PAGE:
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Native tales is a birthday gift to my daughter — Adams

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Olamide Adams


Olamide Adams wrote the stories many years ago, as a secondary school student, after being inspired largely by the NTA’s Moonlight Tales series of yore. But he kept them aside as adolescent fantasy and kept on with the business of living his life. But then in faraway France, where he lives with his wife and daughter, he suddenly remembered. His daughter’s fifth birthday was coming and he needed a unique present for her. His daughter not having visited Nigeria before, and with a French wife, he felt presenting his daughter with uniquely Nigerian folk tales would be a nice way to introduce her to her father’s country.

Thus was born Natives Tales: A Collection of Short Stories published by Prima, an imprint of Narrative Landscape Press. But beyond acquainting her with his Nigerian background through stories, Adams also wants to improve reading culture in the country, especially among children through the arts of storytelling.

Although a professional marketer, Adams has a strong artistic background. He worked at the French’s Alliance Francaise in the early 2000. He’s also a musician, who continues to ply that artistic talent on the side. His recent work is a collaborative album that celebrates late Fela Anikulapo’s musical ally and superb drummer, Mr. Tony Allen, who died in Paris last year. Adams was at the funeral; they were that close.

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Native Tales is a collection of folktales involving the major Nigerian ethnic nationalities. The book contains five stories, with valuable lessons that teach children how to develop good morals and trust in others.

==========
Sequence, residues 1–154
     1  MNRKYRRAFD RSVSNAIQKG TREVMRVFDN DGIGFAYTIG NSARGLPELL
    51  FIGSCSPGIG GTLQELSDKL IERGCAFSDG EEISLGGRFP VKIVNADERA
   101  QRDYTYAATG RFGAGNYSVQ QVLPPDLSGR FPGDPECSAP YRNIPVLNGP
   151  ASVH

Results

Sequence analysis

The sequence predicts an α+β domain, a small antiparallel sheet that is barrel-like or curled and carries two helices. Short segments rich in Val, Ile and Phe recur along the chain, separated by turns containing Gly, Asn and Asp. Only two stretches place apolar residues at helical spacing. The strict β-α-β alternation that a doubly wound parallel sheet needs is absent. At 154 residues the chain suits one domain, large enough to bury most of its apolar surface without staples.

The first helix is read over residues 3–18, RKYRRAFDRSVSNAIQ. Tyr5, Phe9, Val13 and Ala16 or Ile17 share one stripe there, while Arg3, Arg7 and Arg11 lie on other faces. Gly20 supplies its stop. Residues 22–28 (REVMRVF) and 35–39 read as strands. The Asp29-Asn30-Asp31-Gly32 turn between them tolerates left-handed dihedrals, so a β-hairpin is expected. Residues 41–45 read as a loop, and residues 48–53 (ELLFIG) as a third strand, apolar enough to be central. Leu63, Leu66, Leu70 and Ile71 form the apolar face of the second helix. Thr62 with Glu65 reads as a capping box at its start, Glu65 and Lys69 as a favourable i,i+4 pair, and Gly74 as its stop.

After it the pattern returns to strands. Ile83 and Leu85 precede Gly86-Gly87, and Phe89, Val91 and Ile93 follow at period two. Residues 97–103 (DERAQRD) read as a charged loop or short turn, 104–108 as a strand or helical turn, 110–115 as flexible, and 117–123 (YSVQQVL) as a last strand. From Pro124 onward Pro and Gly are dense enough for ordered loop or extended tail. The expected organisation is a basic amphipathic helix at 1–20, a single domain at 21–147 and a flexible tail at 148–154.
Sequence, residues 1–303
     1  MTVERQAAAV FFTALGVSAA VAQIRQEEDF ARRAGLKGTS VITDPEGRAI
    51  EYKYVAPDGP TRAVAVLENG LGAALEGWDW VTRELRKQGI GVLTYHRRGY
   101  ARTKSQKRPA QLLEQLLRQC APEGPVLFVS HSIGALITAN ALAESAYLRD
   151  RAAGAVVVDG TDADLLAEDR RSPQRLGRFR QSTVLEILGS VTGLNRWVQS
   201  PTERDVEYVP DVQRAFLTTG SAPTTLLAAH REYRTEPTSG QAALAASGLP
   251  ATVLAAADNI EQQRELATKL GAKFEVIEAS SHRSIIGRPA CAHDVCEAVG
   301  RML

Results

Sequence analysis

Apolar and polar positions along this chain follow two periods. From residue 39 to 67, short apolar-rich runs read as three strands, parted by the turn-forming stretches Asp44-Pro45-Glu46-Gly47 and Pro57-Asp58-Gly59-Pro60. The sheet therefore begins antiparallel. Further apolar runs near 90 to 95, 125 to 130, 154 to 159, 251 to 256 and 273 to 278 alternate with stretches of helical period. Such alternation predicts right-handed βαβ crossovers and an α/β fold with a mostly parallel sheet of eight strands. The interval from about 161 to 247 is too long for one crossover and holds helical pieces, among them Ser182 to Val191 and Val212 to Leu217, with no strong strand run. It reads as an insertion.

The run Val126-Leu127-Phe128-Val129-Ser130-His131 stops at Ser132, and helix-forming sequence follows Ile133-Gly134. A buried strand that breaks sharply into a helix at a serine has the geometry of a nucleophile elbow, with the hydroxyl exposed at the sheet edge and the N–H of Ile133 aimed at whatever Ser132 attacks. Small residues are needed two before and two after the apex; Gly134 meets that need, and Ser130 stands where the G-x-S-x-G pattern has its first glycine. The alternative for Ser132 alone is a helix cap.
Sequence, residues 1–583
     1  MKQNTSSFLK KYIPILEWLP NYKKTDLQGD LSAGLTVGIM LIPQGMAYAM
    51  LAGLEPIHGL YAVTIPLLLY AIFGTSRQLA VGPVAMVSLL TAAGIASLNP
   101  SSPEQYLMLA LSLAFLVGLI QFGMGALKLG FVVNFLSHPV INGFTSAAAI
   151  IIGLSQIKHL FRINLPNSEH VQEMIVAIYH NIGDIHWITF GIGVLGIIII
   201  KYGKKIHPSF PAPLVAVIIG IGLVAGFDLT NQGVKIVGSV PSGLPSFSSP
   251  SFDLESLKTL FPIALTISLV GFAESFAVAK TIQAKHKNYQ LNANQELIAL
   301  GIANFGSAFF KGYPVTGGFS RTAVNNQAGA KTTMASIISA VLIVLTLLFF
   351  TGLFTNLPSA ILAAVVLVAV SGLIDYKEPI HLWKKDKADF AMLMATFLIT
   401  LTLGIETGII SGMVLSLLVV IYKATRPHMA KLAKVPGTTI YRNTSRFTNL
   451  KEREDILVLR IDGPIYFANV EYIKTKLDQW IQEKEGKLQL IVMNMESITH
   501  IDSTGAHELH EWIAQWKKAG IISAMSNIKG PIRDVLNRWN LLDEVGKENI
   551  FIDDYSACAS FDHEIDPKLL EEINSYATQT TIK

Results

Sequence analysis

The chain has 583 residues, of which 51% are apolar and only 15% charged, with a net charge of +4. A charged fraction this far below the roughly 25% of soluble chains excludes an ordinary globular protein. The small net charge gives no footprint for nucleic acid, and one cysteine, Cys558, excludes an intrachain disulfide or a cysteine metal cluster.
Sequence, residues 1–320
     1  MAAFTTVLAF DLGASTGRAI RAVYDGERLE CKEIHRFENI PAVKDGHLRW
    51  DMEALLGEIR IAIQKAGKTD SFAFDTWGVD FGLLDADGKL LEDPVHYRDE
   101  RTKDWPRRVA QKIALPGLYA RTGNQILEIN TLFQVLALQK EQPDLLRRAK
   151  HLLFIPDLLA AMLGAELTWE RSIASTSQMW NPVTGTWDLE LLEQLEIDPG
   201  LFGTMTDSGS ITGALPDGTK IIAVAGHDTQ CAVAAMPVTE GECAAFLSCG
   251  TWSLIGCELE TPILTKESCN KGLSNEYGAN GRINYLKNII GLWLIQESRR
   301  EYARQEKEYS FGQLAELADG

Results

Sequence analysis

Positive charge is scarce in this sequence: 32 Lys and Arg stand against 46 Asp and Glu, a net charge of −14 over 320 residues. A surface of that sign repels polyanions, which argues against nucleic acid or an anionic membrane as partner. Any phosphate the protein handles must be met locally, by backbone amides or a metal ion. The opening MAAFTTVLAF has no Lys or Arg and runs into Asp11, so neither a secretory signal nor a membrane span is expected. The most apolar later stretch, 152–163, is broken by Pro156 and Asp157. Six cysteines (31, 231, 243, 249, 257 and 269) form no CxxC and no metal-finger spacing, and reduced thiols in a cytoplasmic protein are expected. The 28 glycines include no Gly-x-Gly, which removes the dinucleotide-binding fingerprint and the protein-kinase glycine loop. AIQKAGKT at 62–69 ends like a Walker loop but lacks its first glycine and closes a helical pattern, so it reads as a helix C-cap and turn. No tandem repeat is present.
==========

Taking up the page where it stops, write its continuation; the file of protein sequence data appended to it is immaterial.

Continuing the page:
According to Adams; “My book was written as a gift for my daughter’s fifth birthday. I thought, ‘what would I give to this girl that would be memorable?’ So, I picked up one of these stories.

“My wife lost her grandmother who she was so close to. The family was gathered when I received a message from Amazon saying, ‘Delivered.’ In the evening, I said to my daughter, ‘there’s something in the mailbox, let’s go get it.’ We took a photo that shows how happy she was, despite not knowing the contents of the book. My book made it for Christmas and that made me extremely happy.”

He spoke about the development of the stories; “I tried to make it a mixture of Nigerian cultures. There is a story about the Shehu in the North, Anayo from the East, Ayangoke, the talking drummer from the West; the three principal ethnic groups and, of course, the main story that everybody likes, ‘The Journey to Oke-Oro’. So when I changed the character to a girl, I used my daughter’s Yoruba name; so, the name in that story, Oladunni, is my daughter’s Yoruba name. The last story is about how it pays to do good. It’s about two friends, rich and poor and the rich friend didn’t care about his other friend.

“I wrote the stories when I was in secondary school, perfected it when I was at Yabatech and finalised it two years ago. It took me 30 years to publish the stories. I still have lots of stories. I have a pile and I kept travelling with them. I hope I can get myself to bringing out another book. I wrote these collections of stories and I kept them since JSS1; that was in 1986. I think I finished this particular collection in 1989.”